The molecular evolution of spiggin nesting glue in sticklebacks

first_imgGene duplication and subsequent divergence can lead to the evolution of new functions and lineage specific traits. In sticklebacks, the successive duplication of the mucin-like gene (MUC19) into a tandemly-arrayed, multi-gene family has enabled the production of copious amounts of ‘spiggin’, a secreted adhesive protein essential for nest construction. Here we examine divergence between spiggin genes among three-spined sticklebacks (Gasterosteus aculeatus) from ancestral marine and derived freshwater populations, and propose underpinning gene duplication mechanisms. Sanger sequencing revealed substantial diversity among spiggin transcripts, including alternatively spliced variants and interchromosomal spiggin chimeric genes. Comparative analysis of the sequenced transcripts and all other spiggin genes in the public domain support the presence of three main spiggin lineages (spiggin A, spiggin B and spiggin C) with further subdivisions within spiggin B (B1, B2) and spiggin C (C1, C2). Spiggin A had diverged least from the ancestral MUC19, while the spiggin C duplicates had diversified most substantially. In silico translations of the spiggin gene open reading frames predicted that spiggin A and B are secreted as long mucin-like polymers, while spiggin C1 and C2 are secreted as short monomers, with putative anti-microbial properties. We propose that diversification of duplicated spiggin genes has facilitated local adaptation of spiggin to a range of aquatic habitats.last_img read more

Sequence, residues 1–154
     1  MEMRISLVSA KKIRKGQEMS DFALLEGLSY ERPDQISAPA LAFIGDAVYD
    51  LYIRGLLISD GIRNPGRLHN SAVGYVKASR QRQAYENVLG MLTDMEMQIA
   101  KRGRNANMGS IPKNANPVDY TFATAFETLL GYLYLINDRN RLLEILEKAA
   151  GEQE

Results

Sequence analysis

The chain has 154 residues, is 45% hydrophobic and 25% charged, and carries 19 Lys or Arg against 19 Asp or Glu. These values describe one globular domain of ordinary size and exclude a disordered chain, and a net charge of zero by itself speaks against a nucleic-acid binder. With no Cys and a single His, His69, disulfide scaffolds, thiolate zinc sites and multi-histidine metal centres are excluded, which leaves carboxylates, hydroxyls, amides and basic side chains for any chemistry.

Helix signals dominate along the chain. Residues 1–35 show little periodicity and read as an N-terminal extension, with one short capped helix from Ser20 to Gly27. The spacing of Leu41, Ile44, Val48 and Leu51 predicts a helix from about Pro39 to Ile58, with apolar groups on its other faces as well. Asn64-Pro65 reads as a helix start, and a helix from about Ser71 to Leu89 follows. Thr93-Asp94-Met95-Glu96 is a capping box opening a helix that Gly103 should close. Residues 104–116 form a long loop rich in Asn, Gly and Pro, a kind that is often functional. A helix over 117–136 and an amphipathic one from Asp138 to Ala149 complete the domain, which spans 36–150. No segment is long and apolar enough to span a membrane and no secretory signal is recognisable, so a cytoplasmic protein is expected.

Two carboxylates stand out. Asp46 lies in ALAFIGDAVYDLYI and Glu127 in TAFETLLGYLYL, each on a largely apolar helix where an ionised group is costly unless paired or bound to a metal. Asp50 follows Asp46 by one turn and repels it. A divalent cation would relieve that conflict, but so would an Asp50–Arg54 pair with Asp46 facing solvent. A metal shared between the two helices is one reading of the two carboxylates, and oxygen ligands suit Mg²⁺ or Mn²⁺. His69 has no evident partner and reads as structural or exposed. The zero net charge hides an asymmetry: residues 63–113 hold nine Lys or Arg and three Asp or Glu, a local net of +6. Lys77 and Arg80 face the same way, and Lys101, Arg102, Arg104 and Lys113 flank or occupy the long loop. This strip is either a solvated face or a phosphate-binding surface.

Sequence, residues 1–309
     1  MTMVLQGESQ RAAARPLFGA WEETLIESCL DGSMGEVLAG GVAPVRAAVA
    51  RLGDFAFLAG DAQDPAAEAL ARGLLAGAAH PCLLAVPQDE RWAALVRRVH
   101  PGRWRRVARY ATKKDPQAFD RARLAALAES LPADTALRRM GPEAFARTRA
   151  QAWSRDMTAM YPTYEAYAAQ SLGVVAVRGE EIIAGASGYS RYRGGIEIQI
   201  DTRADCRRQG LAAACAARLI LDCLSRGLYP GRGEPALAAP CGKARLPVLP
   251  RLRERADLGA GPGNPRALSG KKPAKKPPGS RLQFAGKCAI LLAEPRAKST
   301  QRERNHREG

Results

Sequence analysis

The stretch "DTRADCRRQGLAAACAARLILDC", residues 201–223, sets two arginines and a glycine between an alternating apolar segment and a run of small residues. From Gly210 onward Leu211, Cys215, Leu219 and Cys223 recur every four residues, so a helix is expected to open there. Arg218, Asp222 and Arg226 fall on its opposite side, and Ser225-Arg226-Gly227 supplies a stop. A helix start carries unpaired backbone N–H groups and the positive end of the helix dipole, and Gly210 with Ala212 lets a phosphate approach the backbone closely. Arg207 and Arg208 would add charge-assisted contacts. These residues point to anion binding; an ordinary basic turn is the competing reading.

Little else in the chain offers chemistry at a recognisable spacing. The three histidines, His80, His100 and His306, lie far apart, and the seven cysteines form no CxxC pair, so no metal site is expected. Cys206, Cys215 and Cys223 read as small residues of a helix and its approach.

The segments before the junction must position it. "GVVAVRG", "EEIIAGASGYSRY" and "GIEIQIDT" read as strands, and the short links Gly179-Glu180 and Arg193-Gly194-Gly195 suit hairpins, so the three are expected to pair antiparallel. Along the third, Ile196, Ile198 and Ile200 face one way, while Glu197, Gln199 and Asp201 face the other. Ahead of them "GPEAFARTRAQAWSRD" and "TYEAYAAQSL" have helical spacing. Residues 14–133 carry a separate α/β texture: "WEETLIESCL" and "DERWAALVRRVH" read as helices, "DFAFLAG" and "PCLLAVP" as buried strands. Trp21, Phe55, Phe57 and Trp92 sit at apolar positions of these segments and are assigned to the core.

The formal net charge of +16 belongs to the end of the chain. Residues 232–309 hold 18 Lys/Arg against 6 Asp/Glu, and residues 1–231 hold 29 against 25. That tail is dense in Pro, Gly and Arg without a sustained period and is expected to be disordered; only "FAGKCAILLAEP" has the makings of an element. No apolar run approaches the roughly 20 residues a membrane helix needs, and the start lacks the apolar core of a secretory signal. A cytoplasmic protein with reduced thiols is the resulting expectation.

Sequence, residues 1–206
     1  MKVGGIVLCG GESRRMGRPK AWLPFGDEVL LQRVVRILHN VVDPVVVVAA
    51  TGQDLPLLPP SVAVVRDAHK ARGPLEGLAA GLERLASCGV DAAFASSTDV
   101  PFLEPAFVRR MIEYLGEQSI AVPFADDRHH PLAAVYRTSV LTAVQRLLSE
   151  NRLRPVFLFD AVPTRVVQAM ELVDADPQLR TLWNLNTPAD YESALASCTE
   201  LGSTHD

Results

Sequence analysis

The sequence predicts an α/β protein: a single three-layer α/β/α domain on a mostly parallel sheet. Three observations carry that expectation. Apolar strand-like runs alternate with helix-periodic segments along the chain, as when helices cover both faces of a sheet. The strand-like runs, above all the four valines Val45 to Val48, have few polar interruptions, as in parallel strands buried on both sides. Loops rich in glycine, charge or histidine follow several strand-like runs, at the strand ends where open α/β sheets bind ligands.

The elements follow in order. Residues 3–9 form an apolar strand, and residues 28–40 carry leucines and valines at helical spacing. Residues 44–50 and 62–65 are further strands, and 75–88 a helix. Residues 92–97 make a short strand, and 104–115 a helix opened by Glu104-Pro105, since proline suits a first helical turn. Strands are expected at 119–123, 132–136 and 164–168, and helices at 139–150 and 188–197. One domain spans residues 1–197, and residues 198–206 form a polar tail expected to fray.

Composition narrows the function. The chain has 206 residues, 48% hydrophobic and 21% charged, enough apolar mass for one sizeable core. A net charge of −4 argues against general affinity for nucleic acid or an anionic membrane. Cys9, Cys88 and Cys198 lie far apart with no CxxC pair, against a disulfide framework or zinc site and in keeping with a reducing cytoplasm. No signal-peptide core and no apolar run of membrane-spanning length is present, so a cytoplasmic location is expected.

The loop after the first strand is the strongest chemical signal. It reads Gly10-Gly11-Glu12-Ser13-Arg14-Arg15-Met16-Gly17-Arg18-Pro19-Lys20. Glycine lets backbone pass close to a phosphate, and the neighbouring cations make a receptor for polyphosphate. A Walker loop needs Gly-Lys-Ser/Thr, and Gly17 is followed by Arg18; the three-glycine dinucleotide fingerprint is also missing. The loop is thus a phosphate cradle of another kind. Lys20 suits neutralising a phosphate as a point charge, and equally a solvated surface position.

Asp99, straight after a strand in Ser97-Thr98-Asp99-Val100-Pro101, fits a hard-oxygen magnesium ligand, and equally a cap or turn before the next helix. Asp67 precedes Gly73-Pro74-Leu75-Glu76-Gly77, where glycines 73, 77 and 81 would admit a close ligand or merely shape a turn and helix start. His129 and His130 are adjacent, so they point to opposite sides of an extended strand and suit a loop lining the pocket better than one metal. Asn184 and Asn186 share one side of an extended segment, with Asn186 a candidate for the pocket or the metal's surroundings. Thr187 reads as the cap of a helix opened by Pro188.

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How to save if you live paycheck to paycheck

first_img 34SHARESShareShareSharePrintMailGooglePinterestDiggRedditStumbleuponDeliciousBufferTumblr You know you need to save money, but it can be hard if you’re just trying to make ends meet on a small income. After all, you have bills to pay today, so it’s hard to make saving for tomorrow a priority.Even higher-income people can find themselves living paycheck to paycheck without much room in their budget to set aside cash. “Most people don’t start saving for retirement or short-term goals because they think they don’t have enough money,” said Brandon Hayes, vice president of financial planning firm oXYGen Financial. But that couldn’t be further from the truth, he said.Despite what you might think, it is possible to save even when you’re strapped for cash. Even a small amount is better than nothing, Hayes said. Here’s how to get started. continue reading »last_img read more

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